The free logic input of the gate NOR6, i.e. of the reset input R of the output flip-flop FF2, is controlled by the logic output of an AND gate U4, which corresponds to the gate U2 in FIG. 1 and whose two logic inputs are connected in such a manner that one receives the clock input of the demodulator from the input terminal E1 and the other input is connected to a circuit point Z* between two successive memory cells, i.e. register stages of the shift register SR (in the example, between the fourth and fifth register stages). A truncation of the demodulated signal and therefore a correction of an extension occasioned by the input flip-flop FF1 is achieved.
The input E for the signal to be demodulated is connected not only to the two NOR gates NOR1 and NOR2, but also to the gate of a field effect transistor T* whose source is connected to ground and whose drain is connected to a branching point Z between the first transfer transistor T1 and the first inverter I1 of the shift register and, therefore, also to one of the one logic input of the NOR gate NOR4. The transfer transistor T* and the circuit described in connection with FIG. 2 effect that the information of a signal modulated onto carriers present at the input E is immediately transferred into the shift register SR even at times at which the transfer transistor is not receiving a clock pulse (i.e. is blocked). In this case, the storage capacity of the capacitance of the transistor in the inverter I1 is exploited in order to achieve the extension mentioned above of the signal to be delivered to the shift register SR.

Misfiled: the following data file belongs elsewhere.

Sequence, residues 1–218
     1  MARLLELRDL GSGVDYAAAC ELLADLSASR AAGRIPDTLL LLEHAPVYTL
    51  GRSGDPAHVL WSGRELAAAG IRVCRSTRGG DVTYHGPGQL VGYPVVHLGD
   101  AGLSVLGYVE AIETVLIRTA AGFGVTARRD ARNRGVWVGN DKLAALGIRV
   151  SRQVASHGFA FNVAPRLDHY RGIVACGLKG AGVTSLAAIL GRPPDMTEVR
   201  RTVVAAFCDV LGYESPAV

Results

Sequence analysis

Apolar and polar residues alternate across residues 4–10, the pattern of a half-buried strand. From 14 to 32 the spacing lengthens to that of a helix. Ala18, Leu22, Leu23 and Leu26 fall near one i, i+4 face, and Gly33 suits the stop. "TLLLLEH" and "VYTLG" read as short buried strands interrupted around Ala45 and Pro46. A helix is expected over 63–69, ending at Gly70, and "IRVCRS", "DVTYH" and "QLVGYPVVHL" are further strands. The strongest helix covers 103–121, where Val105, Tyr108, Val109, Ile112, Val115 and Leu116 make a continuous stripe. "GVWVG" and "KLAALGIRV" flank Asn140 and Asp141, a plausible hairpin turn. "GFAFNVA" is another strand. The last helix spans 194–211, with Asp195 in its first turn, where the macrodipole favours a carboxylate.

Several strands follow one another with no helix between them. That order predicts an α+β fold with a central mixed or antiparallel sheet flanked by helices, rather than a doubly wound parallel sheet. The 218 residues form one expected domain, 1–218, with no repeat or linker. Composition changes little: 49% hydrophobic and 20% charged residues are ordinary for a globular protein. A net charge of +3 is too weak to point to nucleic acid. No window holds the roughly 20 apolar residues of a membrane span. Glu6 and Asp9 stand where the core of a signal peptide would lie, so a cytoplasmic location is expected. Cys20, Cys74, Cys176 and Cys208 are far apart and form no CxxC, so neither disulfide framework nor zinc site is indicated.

Both the signal to be demodulated at the input E and the clock signals delivered to the clock inputs E1 and E2 are referenced to a specified level, to ground.
The reset pulses for the input flip-flop FF1 are triggered by the clock signals developed at the input E2, which clock pulses at the same time serve for the clock supply of the shift register SR. For this reason, the gate electrodes of those transfer transistors T.sub.γ which belong to memory cells having an even-numbered numbering of the number γ are connected to the input E2. The gate electrodes of those transfer transistors T.sub.γ which belong to memory cells having uneven γ numbers, however, are connected to the clock input E1 which is also provided for the one logic input of the AND gate U4 which is connected ahead of the output flip-flop FF2.
It should be mentioned that the signals provided at the two clock inputs E1 and E2 of the shift register SR are selected in such a manner that they are periodic, that they are in stationary phase with respect to one another, and that their working levels do not overlap.
The embodiment of the demodulator illustrated in FIG. 2 has been completely described. In contrast to the embodiment illustrated in FIG. 1, the embodiment of FIG. 2 exhibits the advantage that it is a matter of solution that meets with the conditions of MOS technology and is integrable on a silicon chip without problems in a space-saving manner.
Although I have described my invention by reference to particular illustrative embodiments thereof, many changes and modifications of the invention may become apparent to those skilled in the art without departing from the spirit and scope of the invention. I therefore intend to include within the patent warranted hereon all such changes and modifications as may reasonably and properly be included within the scope of my contribution to the art.
|1||Schulenburg, "Einfache Fernsteuerung fur 9 Kanale", Elektronik 1975, vol. 10, pp. 104-105.|
|Citing Patent||Filing date||Publication date||Applicant||Title|
|US4750215 *||Jun 24, 1986||Jun 7, 1988||Cincinnati Microwave, Inc.||Police radar signal detection circuitry for a police radar warning receiver|
|US5313496 *||Dec 26, 1990||May 17, 1994||Trw Inc.||Digital demodulator circuit|
|US7277687 *||Dec 3, 2003||Oct 2, 2007||Starkey Laboratories, Inc.||Low power amplitude modulation detector|
|US20050124312 *||Dec 3, 2003||Jun 9, 2005||Starkey Laboratories, Inc.||Low power amplitude modulation detector|
|EP0238300A2 *||Mar 17, 1987||Sep 23, 1987||RCA Thomson Licensing Corporation||Serial digital signal processing circuitry|
|EP0238300A3 *||Mar 17, 1987||Sep 12, 1990||Rca Corporation||Serial digital signal processing circuitry|
|U.S. Classification||329/311, 375/340|
|International Classification||H04L27/00, H04L27/06|